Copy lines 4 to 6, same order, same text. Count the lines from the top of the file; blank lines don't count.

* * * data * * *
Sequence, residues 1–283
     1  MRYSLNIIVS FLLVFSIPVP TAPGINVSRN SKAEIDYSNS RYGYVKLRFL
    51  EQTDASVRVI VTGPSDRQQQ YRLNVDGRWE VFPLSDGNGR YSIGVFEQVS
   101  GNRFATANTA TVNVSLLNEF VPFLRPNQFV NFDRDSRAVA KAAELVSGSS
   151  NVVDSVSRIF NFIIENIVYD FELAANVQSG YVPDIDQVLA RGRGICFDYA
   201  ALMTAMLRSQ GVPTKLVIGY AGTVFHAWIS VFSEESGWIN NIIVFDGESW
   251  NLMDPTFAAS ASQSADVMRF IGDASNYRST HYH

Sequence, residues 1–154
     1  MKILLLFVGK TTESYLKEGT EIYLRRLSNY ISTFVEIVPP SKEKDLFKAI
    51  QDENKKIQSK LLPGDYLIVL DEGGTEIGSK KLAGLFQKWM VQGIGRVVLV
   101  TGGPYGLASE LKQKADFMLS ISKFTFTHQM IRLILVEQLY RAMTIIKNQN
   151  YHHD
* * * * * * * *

   101  GNRFATANTA TVNVSLLNEF VPFLRPNQFV NFDRDSRAVA KAAELVSGSS
   151  NVVDSVSRIF NFIIENIVYD FELAANVQSG YVPDIDQVLA RGRGICFDYA
   201  ALMTAMLRSQ GVPTKLVIGY AGTVFHAWIS VFSEESGWIN NIIVFDGESW